Skip main navigation

Ur: A typical example of mudbrick construction from Southern Iraq

In this article we will learn about the mudbrick architecture of southern Iraq using the case study of the site of Ur.

As with the tell sites of the Homs region of Syria or the Bekaa Valley in Lebanon, Southern Iraq is dominated by mudbrick architecture. The city of Ur is a classic example of this type of remains.

The ancient site of Ur (present-day Tell el-Muqayyar) was a major Mesopotamian city that flourished for many thousands of years. Situated at the intersection of major trade routes – most notably the Euphrates river, offering direct connections as far afield as Anatolia and the Persian Gulf – Ur became an important political and economic centre (Figure 1). It reached its zenith in the third millennium BCE, becoming the centre of a major regional empire around 2100 BCE. Even after its destruction around 1800 BCE, the city’s trading links allowed it to quickly rebuild, becoming an important regional capital. However, the southward retreat of the coastline and the eastward migration of the Euphrates eventually led to its decline.

A satellite image of the city of Ur. It appears as an oval of dark earth, ringed by slightly lighter soil runoff, standing out from its surroundings. In the centre, some excavated sections show the layouts of buildings, and towards the north-west the rectilinear shape of the ziggurat is clearly visible.
Figure 1: The ancient city of Ur as seen from the air. Image © 2021 Maxar Technologies

Throughout its long history, the architecture of Ur went through cycles of building and rebuilding. In line with Mesopotamian tradition, most buildings were made using mudbrick. Environmental conditions were key to the importance of this material for the construction industry. The continual deposition of muddy sediments by the Euphrates and Tigris rivers made stone and wood relatively scarce in Southern Iraq , while clay, water and straw were readily available. Mudbrick offered a cost-effective building material that was easy to work with and could be produced in large quantities. At Ur, sundried mudbricks were the most common building material, and were used in both private houses and elaborate monumental architecture such as the famous Ziggurat (Figure 2).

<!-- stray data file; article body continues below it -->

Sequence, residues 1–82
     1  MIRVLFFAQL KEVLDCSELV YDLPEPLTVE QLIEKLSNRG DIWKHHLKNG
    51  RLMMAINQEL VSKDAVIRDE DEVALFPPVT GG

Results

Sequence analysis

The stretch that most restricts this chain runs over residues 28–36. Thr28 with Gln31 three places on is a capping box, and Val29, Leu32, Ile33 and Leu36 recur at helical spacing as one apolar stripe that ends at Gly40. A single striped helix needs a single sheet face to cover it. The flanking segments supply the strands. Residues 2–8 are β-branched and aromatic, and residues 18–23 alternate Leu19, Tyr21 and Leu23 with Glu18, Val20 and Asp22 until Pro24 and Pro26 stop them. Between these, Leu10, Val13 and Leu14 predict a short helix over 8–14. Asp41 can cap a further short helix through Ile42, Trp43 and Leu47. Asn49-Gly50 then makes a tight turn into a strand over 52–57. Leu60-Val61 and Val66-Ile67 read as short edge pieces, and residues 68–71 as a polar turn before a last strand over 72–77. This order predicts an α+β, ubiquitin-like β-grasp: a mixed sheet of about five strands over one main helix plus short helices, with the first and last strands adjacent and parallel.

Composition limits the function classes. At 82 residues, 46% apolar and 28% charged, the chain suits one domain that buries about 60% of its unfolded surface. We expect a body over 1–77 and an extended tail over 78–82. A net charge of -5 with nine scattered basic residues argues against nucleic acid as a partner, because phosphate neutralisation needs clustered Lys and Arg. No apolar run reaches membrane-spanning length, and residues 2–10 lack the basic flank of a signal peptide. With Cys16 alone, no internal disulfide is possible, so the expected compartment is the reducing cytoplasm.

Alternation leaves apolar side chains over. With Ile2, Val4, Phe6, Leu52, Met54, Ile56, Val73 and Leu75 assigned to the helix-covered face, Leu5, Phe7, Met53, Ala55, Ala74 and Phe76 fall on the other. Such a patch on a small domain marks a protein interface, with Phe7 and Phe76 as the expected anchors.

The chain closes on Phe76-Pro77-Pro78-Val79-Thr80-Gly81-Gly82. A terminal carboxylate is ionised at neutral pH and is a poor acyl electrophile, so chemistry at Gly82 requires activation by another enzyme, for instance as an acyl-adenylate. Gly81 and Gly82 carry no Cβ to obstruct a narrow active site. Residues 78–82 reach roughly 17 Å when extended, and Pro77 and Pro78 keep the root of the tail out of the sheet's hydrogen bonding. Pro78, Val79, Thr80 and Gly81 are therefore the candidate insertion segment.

The city of Ur seen from the ground. A wooden walkway constructed for visitors crosses the site, with sparse mudbrick fragments scattered across the earthen tell. In the midground a couple of reconstructed mudbrick buildings stand, in front of the reconstructed ziggurat in the background.
Figure 2: View across the city of Ur to the reconstructed ziggurat. Image courtesy of Michelle de Gruchy.

This article is from the free online

Endangered Archaeology: Using Remote Sensing to Protect Cultural Heritage

Created by
FutureLearn - Learning For Life

Our purpose is to transform access to education.

We offer a diverse selection of courses from leading universities and cultural institutions from around the world. These are delivered one step at a time, and are accessible on mobile, tablet and desktop, so you can fit learning around your life.

We believe learning should be an enjoyable, social experience, so our courses offer the opportunity to discuss what you’re learning with others as you go, helping you make fresh discoveries and form new ideas.
You can unlock new opportunities with unlimited access to hundreds of online short courses for a year by subscribing to our Unlimited package. Build your knowledge with top universities and organisations.

Learn more about how FutureLearn is transforming access to education